The Legend of the Leatherman
From 1857 to 1889, he could be found walking a 365-mile loop in western Connecticut and eastern New York. Everybody recognized him, but no one knew his name.
The National Vaccine Institute and Vaccination For All
The early US fight against smallpox was helped by the establishment of the National Vaccine Institute, an agency that wouldn't survive government mistrust.
Parker Pillsbury, Nineteenth-Century Male Feminist
Abolitionists like the New Hampshire native believed that masculinity required self-control, setting them against violent enslavers.
There Once Was a Poem Called a Limerick
Whose history, they say, isn't quick. It's all such a muddle, it can leave you befuddled, whether you like the clean or the sick.
This Forgotten Female Orator Broke Boundaries for Women
At a time when respectable women rarely spoke to the public, Anne Laura Clarke was a star lecturer.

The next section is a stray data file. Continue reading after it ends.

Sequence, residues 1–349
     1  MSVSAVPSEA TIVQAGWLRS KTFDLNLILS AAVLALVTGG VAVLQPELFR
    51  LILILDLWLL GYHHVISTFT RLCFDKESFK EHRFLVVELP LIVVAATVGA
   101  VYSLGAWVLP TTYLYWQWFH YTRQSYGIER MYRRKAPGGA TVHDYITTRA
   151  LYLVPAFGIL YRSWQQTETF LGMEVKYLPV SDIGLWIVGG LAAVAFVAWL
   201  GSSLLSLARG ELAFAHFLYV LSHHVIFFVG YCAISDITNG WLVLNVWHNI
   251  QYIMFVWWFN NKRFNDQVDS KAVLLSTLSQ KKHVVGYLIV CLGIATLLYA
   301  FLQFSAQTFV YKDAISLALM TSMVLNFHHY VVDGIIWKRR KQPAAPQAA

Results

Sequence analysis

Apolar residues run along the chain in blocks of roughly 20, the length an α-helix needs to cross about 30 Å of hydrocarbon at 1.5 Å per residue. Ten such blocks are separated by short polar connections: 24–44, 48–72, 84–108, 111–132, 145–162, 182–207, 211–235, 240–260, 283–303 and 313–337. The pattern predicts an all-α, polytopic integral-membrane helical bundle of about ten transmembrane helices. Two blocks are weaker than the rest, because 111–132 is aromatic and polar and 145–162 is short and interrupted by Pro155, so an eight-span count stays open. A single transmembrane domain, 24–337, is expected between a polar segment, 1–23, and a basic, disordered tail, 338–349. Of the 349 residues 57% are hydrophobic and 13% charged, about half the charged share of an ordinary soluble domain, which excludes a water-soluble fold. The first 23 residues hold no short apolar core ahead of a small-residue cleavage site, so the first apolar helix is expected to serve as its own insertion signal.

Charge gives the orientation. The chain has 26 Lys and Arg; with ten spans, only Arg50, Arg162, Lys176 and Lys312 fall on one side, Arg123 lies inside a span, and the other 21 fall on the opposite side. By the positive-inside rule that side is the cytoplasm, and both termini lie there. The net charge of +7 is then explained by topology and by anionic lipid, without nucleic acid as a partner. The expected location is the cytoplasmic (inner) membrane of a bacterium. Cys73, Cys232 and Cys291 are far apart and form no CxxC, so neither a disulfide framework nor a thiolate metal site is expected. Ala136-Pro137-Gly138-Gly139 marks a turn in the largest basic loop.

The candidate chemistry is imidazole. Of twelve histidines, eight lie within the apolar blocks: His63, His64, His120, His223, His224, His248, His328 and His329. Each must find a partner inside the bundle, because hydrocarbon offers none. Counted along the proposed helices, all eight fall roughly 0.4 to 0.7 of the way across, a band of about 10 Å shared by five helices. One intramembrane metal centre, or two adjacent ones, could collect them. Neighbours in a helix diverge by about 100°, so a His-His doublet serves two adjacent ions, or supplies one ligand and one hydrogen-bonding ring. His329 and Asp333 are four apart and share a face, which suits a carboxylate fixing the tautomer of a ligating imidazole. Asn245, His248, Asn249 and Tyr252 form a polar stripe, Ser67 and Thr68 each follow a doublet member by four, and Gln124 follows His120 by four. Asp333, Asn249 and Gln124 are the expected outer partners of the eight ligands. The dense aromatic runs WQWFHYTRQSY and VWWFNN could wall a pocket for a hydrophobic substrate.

“The Public Health” in 1840
A pamphlet published in 1840 advocates a four-pronged approach to public healthcare that sounds remarkably like our own.
Walt Whitman, America’s Phrenologist
The pseudoscience of phrenology included a notion of body as text that Whitman loved. But the craze of "bumpology" also had a darker side.
When Clairvoyants Searched for a Lost Expedition
When Captain Sir John Franklin's Arctic expedition went awry, clairvoyants claimed to be able to contact the crew members. Why did people believe them?
The Mystical Practice That Preceded Medical Anesthesia
For a brief period of time in the 19th century, doctors used "mesmerism" for pain-free surgery.
“Telling the Bees”
In nineteenth-century New England, it was held to be essential to whisper to beehives of a loved one’s death.